Allahabad HC Reserves Verdict on Siddique Kappan's Bail Plea

Kappan has been jailed since October 2020 when he was travelling to Hathras to cover the story of a Dalit teenager's gang-rape and murder.

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New Delhi: The Allahabad high court on Tuesday, August 2, reserved its verdict on journalist Siddique Kappan’s plea for bail.

Arguments concluded before Justice Krishna Pahal of the Lucknow bench of the high court today. Senior advocate I.B. Singh, assisted by Ishan Baghel, argued on behalf of Kappan.

Kappan, who wrote for Malayalam-language publications, was arrested by Uttar Pradesh Police on October 5, 2020, while in his way to Hathras to cover the gang-rape and murder of a Dalit teenager. He had not covered the story yet when he was held, along with others he was travelling with.

He has been in jail ever since and has been booked under the Unlawful Activities (Prevention) Act. He was later slapped with charges of sedition, criminal conspiracy, funding of terror activities and other offences by Uttar Pradesh Police.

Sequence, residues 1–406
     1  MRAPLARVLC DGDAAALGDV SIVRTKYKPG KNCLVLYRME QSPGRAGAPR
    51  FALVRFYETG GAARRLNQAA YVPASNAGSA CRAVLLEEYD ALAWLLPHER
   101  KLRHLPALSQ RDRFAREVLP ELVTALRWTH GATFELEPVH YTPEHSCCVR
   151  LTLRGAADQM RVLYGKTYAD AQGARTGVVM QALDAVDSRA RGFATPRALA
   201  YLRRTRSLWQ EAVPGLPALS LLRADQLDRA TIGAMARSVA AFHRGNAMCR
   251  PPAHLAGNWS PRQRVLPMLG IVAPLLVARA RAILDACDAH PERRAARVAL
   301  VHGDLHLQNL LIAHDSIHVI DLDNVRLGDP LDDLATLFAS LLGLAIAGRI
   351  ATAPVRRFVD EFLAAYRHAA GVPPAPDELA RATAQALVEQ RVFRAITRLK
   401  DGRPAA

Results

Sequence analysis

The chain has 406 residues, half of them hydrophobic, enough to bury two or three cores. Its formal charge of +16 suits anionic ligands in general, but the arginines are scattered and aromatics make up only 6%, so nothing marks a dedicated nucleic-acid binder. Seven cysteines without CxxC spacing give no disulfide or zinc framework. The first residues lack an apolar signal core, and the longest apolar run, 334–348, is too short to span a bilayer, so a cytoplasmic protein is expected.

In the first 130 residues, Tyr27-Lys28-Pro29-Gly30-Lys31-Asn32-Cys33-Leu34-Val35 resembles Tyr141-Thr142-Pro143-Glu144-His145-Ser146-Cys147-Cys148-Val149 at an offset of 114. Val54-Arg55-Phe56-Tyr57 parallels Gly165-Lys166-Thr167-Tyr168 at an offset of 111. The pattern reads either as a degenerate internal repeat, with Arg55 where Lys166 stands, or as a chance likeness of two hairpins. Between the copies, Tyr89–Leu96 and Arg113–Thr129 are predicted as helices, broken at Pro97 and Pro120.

In July 2021, Kappan’s bail plea was rejected by the sessions court at Mathura. On February 21, 2022, another bail application was admitted by the Lucknow bench of the Allahabad high court.

Kappan’s prolonged incarceration and the trials faced by his family during it have led to global condemnation and is often noted as a marker of India’s declining press freedom.

Last year, Kappan, while in jail, had tested positive for COVID-19, which caused his health to seriously decline. The Supreme Court had then directed the Uttar Pradesh government to shift him to a government hospital in Delhi for treatment.

Kerala Chief Minister Pinarayi Vijayan had also written to Uttar Pradesh Chief Minister Adityanath for his intervention.

The Kerala Union of Working Journalists, which has advocated for Kappan, has repeatedly alleged that the journalist has been jailed under inhuman conditions. As early as December 2020, it has said Kappan had been “beaten thrice and subjected to mental torture during custody”.

Lawyers representing the Union who went to meet Kappan were also initially denied permission and only allowed to do so after a Supreme Court order.